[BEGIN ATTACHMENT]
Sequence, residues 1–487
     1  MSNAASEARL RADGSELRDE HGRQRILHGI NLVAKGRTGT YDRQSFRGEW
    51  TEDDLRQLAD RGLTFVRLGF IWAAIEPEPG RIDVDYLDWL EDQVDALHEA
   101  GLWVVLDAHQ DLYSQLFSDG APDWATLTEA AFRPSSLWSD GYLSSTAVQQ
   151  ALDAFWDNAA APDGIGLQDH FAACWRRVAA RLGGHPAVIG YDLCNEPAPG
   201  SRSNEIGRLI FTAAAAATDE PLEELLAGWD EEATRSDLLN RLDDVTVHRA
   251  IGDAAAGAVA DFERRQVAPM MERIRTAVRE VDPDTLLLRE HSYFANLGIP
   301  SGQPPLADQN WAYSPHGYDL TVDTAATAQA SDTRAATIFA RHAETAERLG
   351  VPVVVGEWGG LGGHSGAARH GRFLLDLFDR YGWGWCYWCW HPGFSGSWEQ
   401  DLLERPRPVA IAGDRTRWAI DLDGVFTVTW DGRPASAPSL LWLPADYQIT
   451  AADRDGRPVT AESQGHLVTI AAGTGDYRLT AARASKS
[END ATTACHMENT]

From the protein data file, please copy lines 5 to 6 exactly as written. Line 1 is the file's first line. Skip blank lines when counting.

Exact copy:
   151  ALDAFWDNAA APDGIGLQDH FAACWRRVAA RLGGHPAVIG YDLCNEPAPG
   201  SRSNEIGRLI FTAAAAATDE PLEELLAGWD EEATRSDLLN RLDDVTVHRA